SC hospitals predicted to lose $2.3 billion because of COVID-19 response

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FILE – In this April 20, 2020, file photo, a medic moves a gurney at Queens Hospital Center in the Jamaica neighborhood of the Queens borough of New York. The stated mission of The Greater New York Hospital Association is simple enough: to help members deliver “the finest patient care in the most cost-effective way.” But it’s more complicated than that. While the association, which represents health care providers at the epicenter of the pandemic, is a nonprofit organization, it has the balance sheet of a robust private company, pays executive salaries that top $3 million and spent millions more to lobby in Washington for some of the nation’s most profitable hospitals. (AP Photo/Mary Altaffer, File)

COLUMBIA, SC (WSPA) – South Carolina hospitals could be facing a financial crisis because hospitals have lost hundreds of millions of dollars responding to the coronavirus.

During the pandemic, South Carolina hospitals have had to cancel many elective surgeries and other appointments, that in normal times, help hospitals pay expenses. So far, state hospitals have already lost close to $600 million and they also have more out of pocket costs.

Christian Soura with the SC Hospital Association explained why that is. “Hospitals are there providing emergency care regardless of what kind of insurance card you have in your pocket,” she said.

Those non-reimbursed expenses have already cost hospitals more than $250 million.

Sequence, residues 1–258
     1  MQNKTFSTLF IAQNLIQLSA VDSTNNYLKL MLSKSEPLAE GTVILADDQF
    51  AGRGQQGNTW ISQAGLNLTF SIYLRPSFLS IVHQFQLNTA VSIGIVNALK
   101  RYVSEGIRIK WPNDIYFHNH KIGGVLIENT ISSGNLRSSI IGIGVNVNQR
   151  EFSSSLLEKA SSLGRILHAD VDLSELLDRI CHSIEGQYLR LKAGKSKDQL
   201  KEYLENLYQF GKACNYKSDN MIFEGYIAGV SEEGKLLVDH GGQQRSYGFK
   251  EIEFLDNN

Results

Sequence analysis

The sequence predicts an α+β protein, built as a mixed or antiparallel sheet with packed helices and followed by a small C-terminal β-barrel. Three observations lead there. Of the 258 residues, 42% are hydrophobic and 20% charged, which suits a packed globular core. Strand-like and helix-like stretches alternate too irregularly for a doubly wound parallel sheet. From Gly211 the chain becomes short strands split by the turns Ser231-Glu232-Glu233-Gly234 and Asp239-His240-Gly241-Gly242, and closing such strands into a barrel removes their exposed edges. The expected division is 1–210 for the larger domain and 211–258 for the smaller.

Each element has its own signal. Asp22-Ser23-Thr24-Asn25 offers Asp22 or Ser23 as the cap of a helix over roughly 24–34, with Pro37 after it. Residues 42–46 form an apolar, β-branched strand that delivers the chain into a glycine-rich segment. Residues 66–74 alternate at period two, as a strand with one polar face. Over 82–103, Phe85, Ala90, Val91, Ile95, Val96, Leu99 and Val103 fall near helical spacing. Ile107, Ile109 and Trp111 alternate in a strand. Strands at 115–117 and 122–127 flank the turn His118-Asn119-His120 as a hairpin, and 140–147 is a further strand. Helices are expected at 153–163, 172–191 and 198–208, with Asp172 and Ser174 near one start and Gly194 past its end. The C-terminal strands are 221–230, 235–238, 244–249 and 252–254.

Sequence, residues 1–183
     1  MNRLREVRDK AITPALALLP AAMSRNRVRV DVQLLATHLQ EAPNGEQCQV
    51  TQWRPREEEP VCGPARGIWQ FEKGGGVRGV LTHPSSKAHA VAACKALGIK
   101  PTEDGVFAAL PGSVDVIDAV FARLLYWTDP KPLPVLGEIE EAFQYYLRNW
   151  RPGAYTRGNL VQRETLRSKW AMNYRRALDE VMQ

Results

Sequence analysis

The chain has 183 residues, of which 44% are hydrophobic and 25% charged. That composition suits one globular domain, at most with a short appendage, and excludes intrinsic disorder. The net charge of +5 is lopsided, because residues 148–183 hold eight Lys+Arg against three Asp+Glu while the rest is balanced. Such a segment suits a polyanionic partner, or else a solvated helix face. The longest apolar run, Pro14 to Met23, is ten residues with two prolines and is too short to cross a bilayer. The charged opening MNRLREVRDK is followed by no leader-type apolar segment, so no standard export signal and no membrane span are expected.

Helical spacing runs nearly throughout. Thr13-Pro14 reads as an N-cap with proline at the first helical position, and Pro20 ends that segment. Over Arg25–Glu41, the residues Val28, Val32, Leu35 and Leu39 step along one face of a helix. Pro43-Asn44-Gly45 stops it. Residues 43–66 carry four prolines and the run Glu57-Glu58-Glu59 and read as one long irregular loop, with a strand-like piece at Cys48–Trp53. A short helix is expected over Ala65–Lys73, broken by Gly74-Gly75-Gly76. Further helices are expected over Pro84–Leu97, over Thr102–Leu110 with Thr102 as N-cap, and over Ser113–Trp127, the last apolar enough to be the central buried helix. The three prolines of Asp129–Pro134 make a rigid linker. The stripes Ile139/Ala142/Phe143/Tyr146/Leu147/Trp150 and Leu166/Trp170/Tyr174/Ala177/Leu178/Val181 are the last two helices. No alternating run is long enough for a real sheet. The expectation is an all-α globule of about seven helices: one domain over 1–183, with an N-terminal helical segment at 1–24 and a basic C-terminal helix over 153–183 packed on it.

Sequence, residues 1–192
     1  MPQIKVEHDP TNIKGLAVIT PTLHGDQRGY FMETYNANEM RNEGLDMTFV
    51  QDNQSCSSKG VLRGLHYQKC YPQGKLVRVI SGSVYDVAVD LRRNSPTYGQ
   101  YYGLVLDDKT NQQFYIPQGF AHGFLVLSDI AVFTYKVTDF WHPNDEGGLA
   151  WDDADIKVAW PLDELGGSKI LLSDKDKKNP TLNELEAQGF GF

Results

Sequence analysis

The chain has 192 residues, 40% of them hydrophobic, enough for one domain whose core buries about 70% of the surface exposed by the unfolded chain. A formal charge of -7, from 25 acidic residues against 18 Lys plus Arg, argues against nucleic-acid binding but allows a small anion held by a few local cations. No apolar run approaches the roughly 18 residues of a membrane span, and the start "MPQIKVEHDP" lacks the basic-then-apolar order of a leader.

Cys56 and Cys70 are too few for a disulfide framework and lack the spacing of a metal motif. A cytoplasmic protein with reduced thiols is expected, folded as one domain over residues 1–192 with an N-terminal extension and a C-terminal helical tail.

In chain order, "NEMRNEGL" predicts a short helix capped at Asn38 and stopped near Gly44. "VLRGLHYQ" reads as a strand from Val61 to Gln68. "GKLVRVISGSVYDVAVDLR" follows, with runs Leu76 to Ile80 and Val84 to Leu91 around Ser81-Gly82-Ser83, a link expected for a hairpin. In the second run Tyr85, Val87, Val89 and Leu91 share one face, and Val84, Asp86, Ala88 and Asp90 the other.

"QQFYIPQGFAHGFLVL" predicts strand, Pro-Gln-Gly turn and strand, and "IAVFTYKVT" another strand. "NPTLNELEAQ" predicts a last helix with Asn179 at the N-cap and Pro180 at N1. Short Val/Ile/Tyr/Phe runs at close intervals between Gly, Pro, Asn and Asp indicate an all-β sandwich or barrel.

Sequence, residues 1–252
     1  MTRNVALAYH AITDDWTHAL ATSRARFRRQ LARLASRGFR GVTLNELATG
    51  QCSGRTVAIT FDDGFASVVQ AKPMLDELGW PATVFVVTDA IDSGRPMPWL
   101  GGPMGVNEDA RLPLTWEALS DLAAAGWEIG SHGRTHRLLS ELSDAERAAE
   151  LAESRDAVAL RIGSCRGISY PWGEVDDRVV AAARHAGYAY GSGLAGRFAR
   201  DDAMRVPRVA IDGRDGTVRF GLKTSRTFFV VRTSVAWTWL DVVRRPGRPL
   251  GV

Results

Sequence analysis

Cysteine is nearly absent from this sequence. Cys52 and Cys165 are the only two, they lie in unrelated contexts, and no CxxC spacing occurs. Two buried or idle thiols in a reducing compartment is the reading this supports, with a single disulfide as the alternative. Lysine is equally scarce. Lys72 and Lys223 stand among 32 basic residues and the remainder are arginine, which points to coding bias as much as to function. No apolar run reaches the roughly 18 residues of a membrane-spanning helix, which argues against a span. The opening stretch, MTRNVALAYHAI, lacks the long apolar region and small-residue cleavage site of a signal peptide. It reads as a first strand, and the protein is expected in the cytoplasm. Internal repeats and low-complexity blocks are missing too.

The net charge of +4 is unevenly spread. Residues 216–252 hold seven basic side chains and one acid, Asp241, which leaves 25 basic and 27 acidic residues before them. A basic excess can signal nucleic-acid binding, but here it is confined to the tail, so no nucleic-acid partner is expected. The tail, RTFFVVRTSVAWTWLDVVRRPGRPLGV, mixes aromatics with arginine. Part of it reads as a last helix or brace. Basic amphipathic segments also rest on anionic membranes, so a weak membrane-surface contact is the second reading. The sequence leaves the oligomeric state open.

The South Carolina Hospital Association fears hospitals won’t be able to absorb the loss.

And while there is funding in the works at the federal and state levels, the blow could have long term consequences for some hospitals in the state.

Soura continued, “It’s the hospitals we were most concerned about going into this, are the ones we are still concerned about. The smallest, rural hospitals that are already operating in the red or have the thinnest safety net financially speaking.”

Those numbers are just through May 7. When it comes to long term predictions, the hospital association is expecting those numbers to be even greater.

Prisma Health released a statement looking at the impact. Just for the month of April, Prisma Health saw a budget shortfall of $144 million in patient revenues. In March, elective cases were down by 80% and emergency room visits were down by 40%.

Governor Henry McMaster is proposing that at least $200 million of the $1.9 billion the state will receive in coronavirus relief goes towards the state’s hospitals.

Copyright 2020 Nexstar Broadcasting, Inc. All rights reserved. This material may not be published, broadcast, rewritten, or redistributed.

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